Semester Breakdown

WEEK M T W Th F
1 No classes throughout MIT. No classes throughout MIT. No session scheduled. Lecture session. Recitation session.
2 No session scheduled. Lecture session. No session scheduled. Lecture session. Recitation session.
3 No session scheduled. Lecture session. No session scheduled. Lecture session. No classes throughout MIT.
4 No session scheduled. Lecture session. No session scheduled. Lecture session; assignment due date. Recitation session.
5 No session scheduled. Lecture session. No session scheduled. Lecture session. Recitation session.
6 No session scheduled. Lecture session. No session scheduled. Lecture session. Recitation session.
7 No classes throughout MIT. No classes throughout MIT. No session scheduled. Lecture session; assignment due date. Recitation session.
8 No session scheduled. Lecture session. No session scheduled. Lecture session. Recitation session.
9 No session scheduled. Lecture session. No session scheduled. Lecture session. Recitation session.
10 No session scheduled. Lecture session. No session scheduled. Lecture session; assignment due date. Recitation session.
11 No classes throughout MIT. Lecture session. No session scheduled. Lecture session. Recitation session.
12 No session scheduled. Lecture session. No session scheduled. Lecture session. Recitation session.
13 No session scheduled. Lecture session. Assignment due date. No classes throughout MIT. No classes throughout MIT.
14 No session scheduled. Lecture session. No session scheduled. Lecture session; assignment due date. Recitation session.
15 No session scheduled. Lecture session. No session scheduled. No classes throughout MIT. No classes throughout MIT.
16 No classes throughout MIT. No classes throughout MIT. No classes throughout MIT. No classes throughout MIT. No classes throughout MIT; take-home exam due.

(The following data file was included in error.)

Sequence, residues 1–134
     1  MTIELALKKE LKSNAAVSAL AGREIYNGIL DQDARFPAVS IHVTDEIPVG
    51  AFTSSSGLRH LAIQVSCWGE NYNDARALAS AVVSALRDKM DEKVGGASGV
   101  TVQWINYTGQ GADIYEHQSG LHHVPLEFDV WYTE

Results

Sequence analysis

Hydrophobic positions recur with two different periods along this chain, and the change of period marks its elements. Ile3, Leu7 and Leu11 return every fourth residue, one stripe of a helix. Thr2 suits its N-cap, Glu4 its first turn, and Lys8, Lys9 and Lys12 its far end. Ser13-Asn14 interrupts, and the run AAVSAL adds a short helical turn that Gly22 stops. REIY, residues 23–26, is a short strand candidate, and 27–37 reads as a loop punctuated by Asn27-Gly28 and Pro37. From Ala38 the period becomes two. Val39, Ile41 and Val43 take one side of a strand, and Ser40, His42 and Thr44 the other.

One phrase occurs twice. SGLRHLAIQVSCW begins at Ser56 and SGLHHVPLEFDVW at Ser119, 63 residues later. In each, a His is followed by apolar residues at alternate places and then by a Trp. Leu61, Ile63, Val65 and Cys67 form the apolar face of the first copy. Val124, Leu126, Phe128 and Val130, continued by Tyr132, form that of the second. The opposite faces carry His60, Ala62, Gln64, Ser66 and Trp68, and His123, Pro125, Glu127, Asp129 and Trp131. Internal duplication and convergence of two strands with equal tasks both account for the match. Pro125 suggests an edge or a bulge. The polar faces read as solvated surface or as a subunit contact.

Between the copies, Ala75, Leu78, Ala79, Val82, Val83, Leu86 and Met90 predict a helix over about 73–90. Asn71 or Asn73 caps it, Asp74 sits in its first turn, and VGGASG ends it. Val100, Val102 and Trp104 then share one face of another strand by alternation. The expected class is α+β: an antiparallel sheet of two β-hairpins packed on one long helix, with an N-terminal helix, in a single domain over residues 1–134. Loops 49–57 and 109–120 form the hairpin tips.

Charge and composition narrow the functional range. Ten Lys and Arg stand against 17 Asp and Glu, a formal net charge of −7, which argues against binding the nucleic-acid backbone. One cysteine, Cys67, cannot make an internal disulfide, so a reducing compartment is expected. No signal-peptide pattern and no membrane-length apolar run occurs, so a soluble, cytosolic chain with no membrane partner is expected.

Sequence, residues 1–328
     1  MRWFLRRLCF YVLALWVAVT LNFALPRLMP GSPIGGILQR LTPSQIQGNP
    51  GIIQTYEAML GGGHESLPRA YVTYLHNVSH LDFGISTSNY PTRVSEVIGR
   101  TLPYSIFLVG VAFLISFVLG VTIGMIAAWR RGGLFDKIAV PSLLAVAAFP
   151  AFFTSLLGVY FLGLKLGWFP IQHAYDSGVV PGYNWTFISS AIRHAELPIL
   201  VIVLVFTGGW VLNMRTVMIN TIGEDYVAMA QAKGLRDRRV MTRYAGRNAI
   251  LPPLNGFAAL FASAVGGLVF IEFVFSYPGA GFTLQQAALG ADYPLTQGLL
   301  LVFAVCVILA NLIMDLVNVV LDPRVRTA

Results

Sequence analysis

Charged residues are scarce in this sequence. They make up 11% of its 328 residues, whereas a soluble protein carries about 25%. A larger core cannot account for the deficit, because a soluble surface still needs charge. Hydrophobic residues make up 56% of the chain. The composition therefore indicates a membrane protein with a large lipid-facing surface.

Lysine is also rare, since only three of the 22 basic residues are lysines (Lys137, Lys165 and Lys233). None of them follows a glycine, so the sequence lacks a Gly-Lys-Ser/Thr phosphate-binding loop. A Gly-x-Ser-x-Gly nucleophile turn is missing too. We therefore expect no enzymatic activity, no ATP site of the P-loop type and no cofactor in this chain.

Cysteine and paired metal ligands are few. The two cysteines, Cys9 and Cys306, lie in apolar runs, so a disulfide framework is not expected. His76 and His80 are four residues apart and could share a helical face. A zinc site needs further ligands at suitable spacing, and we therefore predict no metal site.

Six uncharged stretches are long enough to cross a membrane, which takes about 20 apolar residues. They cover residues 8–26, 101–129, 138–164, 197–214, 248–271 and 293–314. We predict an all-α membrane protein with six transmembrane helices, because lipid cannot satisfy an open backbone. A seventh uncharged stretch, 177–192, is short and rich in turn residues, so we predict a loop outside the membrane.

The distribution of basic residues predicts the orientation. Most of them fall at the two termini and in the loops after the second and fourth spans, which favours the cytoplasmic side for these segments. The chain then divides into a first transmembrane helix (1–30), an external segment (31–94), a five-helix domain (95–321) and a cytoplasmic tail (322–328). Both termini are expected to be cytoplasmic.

Displays the color and pattern used on the preceding table to indicate dates when classes are not held at MIT. No classes throughout MIT
Displays the color used on the preceding table to indicate dates when lecture sessions are held. Lecture session
Displays the symbol used on the preceding table to indicate dates when assignments are due. Assignment due date
Displays the color used on the preceding table to indicate dates when no class session is scheduled. No class session scheduled
Displays the color used on the preceding table to indicate dates when recitation sessions are held. Recitation
Displays the symbol used on the preceding table to indicate dates when a take-home exam is due. Exam
 

Instructor Insights

Assessment

Prof. Mikusheva strongly believes that the best way to learn the techniques of the course is by doing. Every problem set will include an applied task that may include computer programming. She does not restrict the students in their choice of computer language. The professor also does not require her students to write all programs by themselves from scratch. They may use user-written parts of codes found on the Internet, but the instructor does require that students understand the program used and properly document it with all needed citations of original sources. Collaboration with other students on problem sets is encouraged, however, the problem sets should be written independently.